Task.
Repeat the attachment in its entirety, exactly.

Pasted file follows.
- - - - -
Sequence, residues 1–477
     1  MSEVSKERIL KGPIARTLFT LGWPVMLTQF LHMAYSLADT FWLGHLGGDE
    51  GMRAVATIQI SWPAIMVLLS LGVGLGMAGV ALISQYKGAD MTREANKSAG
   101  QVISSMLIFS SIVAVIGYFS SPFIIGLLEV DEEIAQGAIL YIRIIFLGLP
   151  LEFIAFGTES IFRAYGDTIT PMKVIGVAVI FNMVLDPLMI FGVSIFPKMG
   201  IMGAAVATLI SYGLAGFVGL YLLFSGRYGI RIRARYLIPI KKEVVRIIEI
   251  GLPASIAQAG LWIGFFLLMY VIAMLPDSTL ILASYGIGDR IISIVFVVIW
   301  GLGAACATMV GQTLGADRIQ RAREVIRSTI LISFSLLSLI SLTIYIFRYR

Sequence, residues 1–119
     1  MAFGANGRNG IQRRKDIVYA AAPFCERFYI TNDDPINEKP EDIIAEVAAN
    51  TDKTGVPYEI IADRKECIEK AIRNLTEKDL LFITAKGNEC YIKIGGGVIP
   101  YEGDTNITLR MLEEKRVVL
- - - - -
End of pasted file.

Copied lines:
Sequence, residues 1–477
     1  MSEVSKERIL KGPIARTLFT LGWPVMLTQF LHMAYSLADT FWLGHLGGDE
    51  GMRAVATIQI SWPAIMVLLS LGVGLGMAGV ALISQYKGAD MTREANKSAG
   101  QVISSMLIFS SIVAVIGYFS SPFIIGLLEV DEEIAQGAIL YIRIIFLGLP
   151  LEFIAFGTES IFRAYGDTIT PMKVIGVAVI FNMVLDPLMI FGVSIFPKMG
   201  IMGAAVATLI SYGLAGFVGL YLLFSGRYGI RIRARYLIPI KKEVVRIIEI
   251  GLPASIAQAG LWIGFFLLMY VIAMLPDSTL ILASYGIGDR IISIVFVVIW
   301  GLGAACATMV GQTLGADRIQ RAREVIRSTI LISFSLLSLI SLTIYIFRYR

Sequence, residues 1–119
     1  MAFGANGRNG IQRRKDIVYA AAPFCERFYI TNDDPINEKP EDIIAEVAAN
    51  TDKTGVPYEI IADRKECIEK AIRNLTEKDL LFITAKGNEC YIKIGGGVIP
   101  YEGDTNITLR MLEEKRVVL